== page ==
In a recent situation, I started out sharing deep, unquestionable concern. When someone can see that you’re actually very worried about them (and of course don’t feign this), they will respond by trying to understand why you’re feeling this way. When I did this, it completely changed the dynamic of what was a very sensitive subject. When people see you care, they won’t take it personally.

Another method that works, but I’m not a huge fan of, is sandwiching criticism in between compliments. This is good because it lets the person know that you see more than flaws in them. I’ve just seen this technique abused before and it bothers me when used to manipulate. A good example of doing this well is what Martin said in the first comment – he said he enjoyed my writing and proceeded with criticism. It definitely lessened my “natural defenses.”

The last method I’d recommend is probably my favorite – and that is just explaining the situation in more depth. Clarity in communication prevents the misunderstanding that causes improper emotional responses. For example:

“Hey Barry, I wanted to talk to you sometime about something that has been on my mind. Please understand beforehand that this isn’t anything hostile and I only want to bring it up because I care about you. Is this a good time to bring it up?”

I like that because it is honest and it lays the groundwork for constructive criticism. In addition, it gives the receiver complete control over when they receive criticism so that they can prepare their mind to be open to it. Surprises are not ideal because the receiver feels blindsided – this ensures that there is no surprise when the actual criticism is brought up.

What do you think of those?


Ah, I gotcha. Thanks for the tips! Have you used Thesis? Or do you just go with Studiopress?

Armand Polanski


I like your blogs because of the very readable writing form. It can stand by words alone.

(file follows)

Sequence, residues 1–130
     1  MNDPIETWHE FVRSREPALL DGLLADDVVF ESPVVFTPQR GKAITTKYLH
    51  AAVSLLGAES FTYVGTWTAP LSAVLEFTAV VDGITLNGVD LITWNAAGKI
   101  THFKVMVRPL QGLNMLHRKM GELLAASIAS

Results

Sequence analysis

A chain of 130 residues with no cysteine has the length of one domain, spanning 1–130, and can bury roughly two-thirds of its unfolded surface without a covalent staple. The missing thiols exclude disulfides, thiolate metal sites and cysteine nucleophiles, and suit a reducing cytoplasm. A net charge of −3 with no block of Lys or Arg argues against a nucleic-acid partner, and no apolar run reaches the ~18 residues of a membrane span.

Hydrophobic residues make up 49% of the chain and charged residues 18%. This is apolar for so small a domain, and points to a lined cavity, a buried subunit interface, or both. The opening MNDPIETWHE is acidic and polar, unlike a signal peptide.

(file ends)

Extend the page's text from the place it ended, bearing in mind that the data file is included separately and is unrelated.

Can Rule # 5 be “Say it with a Fun, Quirky and Indirect Way”?

As much as possible, I find other ways to criticize people indirectly, I may joke about it,tell a story about my friend who had the same criticizeable characteristic or just tell them what I like or don’t like in somebody and if they ask “Are you pertaining to me?”, i would reply “No, No, NO, I was just saying this so that you know me better.”

What’s your thought’s?



Thanks very much.

Personally, I’m not a fan of that method. My personality is to be very direct and honest, so that method doesn’t really suit me. If you are able to do this effectively and help others, then by all means do it! I wonder though if they would rather you just say it upfront if they sense you are indirectly criticizing them.

I would definitely say to be very positive about it. Criticism by nature is somewhat negative in that it deals with problems, so being positive and uplifting about it is very important.

Barry | A Leader Quotes Success

All good! My standard approach is #2, or, as one of my colleagues calls it – “The But Sandwich.” (“Positive thing, but negative thing, but positive thing!”) #3 is powerful, too, for the reasons you mention – it helps the receiver feel more in control throughout. You have to use it carefully, though. If for some reason they say, “no, this isn’t a good time”, they now have that nagging question in the back of their mind about what you wanted to share…in addition to it already not being a good time! 🙂

Thank you for the response, Stephen! I’m in the process of writing a post in my feedback series on giving effective feedback, and I appreciate your insight!

Armand Polanski

Their are times I use this method depending on the person I talk to. I usually do this with people I met for the first time or friends who I know react badly to criticism.

I was surprised with the “Almost New Look” on your blog.


If I know someone can’t handle criticism, I typically just leave them alone in that area. 🙂

Yeah, I’ve been working on it and implementing some of the advice that the readers are giving me. Still trying to get it just right.

Armand Polanski

(On the look)

I have been looking a specific look for my site to and what I did was asked around 10 of my friends who were either architecture majors, photographers or fine arts majors.

I ended up going for the minimalist approach. I actually like your site design because it’s very readable but maybe some of your readers are looking for a distinct look that will stick in there mind and say “Oh, this is Deep Existence.”